Excerpt from After Love Leaves
“Friendships are rough, aren’t they?” Brad asked.
“Uh, yeah.” Zoe pretended to understand. She didn’t exactly have a lot of experience to argue one way or the other.
“Did you steal her boyfriend?”
“What?” Zoe’s mouth dropped open.
“Did you steal your best friend’s boyfriend?” Brad’s face was serious.
“No. I would never do something like that!” Her indignation was hard to control.
“A lot of girls do stuff like that.”
“I wouldn’t! I’m a good friend. I’m just not…” Zoe looked away from Brad’s prying gaze.
“I’m just not popular. I’m the kind of friend you can count on to have your back and be there, but I can’t make anyone popular.”
“Popularity is a just a smoke screen teenagers hide their insecurities behind.” He tilted his head to the side. “You don’t need that. You know who you are, so why should you hide?”
Zoe smiled. “Thanks.”
“For seeing me.”
They shared a long, lingering look. Zoe’s heart pounded as if she’d just blitzed a five-minute mile.
When Brad Sorenson crossed paths with Zoe O’Loughlin at a high school graduation party, the connection was undeniable. He noticed her when no one else did; she inspired him to want more out of life. But it would be years before they’d meet again…and in the most unlikely of places. Brad was looking for a good time online, not love. But Zoe was so sweet, so kind. Everything about her was perfect—until she fell in love with him. Zoe doesn’t know why Brad left her standing in an airport; he won’t return her calls or texts. With her self-esteem and dreams shattered, she can’t imagine ever loving anyone else. A single phone call changes Brad’s life forever. Now he wants just one thing: to make amends with the only woman that’s ever mattered.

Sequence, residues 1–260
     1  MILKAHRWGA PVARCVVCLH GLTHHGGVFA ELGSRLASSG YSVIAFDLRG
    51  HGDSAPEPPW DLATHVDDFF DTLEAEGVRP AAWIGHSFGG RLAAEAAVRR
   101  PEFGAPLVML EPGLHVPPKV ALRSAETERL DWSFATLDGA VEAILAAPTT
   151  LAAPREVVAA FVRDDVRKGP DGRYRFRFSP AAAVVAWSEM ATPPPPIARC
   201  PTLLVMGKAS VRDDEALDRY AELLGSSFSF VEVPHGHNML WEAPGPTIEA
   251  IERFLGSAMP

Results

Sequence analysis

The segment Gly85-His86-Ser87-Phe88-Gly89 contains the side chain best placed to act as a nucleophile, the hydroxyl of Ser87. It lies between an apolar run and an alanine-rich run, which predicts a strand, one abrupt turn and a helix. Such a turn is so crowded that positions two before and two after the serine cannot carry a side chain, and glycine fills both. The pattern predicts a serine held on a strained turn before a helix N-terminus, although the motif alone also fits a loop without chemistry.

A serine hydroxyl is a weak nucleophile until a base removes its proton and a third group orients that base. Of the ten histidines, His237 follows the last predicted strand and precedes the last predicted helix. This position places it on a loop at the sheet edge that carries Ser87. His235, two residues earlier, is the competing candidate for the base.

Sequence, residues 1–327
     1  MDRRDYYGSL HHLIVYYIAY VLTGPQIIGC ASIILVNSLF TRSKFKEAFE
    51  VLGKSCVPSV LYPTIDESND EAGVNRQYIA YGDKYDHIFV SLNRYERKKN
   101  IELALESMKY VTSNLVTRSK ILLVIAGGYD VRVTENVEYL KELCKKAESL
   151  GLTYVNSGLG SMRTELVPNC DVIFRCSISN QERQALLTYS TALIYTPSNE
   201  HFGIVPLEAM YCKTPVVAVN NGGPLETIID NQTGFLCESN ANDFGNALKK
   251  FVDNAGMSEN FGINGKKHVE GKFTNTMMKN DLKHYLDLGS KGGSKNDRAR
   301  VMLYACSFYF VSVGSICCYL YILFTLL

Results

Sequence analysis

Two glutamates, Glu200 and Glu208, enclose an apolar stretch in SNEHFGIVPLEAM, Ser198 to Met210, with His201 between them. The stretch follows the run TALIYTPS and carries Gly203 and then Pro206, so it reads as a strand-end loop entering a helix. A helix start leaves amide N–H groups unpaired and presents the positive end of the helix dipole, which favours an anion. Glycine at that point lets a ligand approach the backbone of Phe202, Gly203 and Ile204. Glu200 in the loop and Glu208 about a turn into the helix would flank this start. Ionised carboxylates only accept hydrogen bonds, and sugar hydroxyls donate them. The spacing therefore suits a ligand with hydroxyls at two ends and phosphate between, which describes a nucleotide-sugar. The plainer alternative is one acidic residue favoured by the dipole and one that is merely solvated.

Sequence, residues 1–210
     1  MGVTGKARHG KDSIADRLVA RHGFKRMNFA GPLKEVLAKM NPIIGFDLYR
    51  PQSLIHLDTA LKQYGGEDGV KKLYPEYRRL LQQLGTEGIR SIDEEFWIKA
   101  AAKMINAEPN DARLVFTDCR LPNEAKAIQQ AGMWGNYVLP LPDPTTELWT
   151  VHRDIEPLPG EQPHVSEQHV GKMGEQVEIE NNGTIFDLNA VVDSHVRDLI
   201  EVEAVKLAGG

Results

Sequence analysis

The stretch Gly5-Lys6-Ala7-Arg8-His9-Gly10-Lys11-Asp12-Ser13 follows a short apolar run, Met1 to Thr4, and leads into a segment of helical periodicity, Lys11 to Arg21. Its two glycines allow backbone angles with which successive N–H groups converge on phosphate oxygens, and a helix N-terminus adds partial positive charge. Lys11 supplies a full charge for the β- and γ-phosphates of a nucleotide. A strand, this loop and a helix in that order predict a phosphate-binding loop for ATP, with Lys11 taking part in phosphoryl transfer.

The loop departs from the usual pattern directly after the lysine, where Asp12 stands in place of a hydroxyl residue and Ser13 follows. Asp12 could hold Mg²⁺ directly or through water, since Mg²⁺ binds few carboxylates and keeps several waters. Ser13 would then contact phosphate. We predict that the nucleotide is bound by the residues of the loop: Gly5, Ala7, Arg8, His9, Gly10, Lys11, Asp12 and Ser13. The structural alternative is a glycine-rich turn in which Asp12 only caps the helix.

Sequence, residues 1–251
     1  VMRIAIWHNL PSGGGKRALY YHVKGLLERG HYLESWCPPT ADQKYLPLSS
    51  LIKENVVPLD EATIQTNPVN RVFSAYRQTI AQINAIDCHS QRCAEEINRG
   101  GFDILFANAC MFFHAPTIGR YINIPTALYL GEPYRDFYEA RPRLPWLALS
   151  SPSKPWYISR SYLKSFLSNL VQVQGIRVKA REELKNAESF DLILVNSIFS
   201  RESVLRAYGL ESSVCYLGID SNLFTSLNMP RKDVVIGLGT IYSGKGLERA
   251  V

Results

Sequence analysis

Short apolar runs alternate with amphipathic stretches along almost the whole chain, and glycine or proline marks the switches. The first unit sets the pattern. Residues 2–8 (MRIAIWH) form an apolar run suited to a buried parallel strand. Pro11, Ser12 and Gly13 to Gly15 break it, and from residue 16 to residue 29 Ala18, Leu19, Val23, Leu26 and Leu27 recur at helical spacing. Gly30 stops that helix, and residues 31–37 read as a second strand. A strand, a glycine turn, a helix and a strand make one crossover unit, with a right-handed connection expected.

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Michelle Alstead is a single, divorced mom of a child with Autism Spectrum Disorder, who tries to promote autism awareness and advocate for gender equality while raising Sheldon Cooper and searching for some semblance of a love life. Michelle has experienced a wide-range of reasons for being dumped by the opposite sex (her favorite reason of all time – “she wasn’t crazy enough and crazy girls are so much fun”). She maintains that she is both Irish and Spanish and can bring the “crazy” just as good as the next woman. This author copes with the difficulties of raising her challenging child and failing at love, by eating copious amounts of chocolate, binge watching Netflix late at night, and writing novels about characters who find happy endings. Every great story has a grain of truth. Truth inspires freedom. Michelle has decided to free herself by acknowledging that life can be ugly, brutal, and wickedly unfair. Her stories aren’t the typical romances or the standard young adult fare. She seeks to be honest in her storytelling rather than playing it safe. Blending in wasn’t much fun anyway.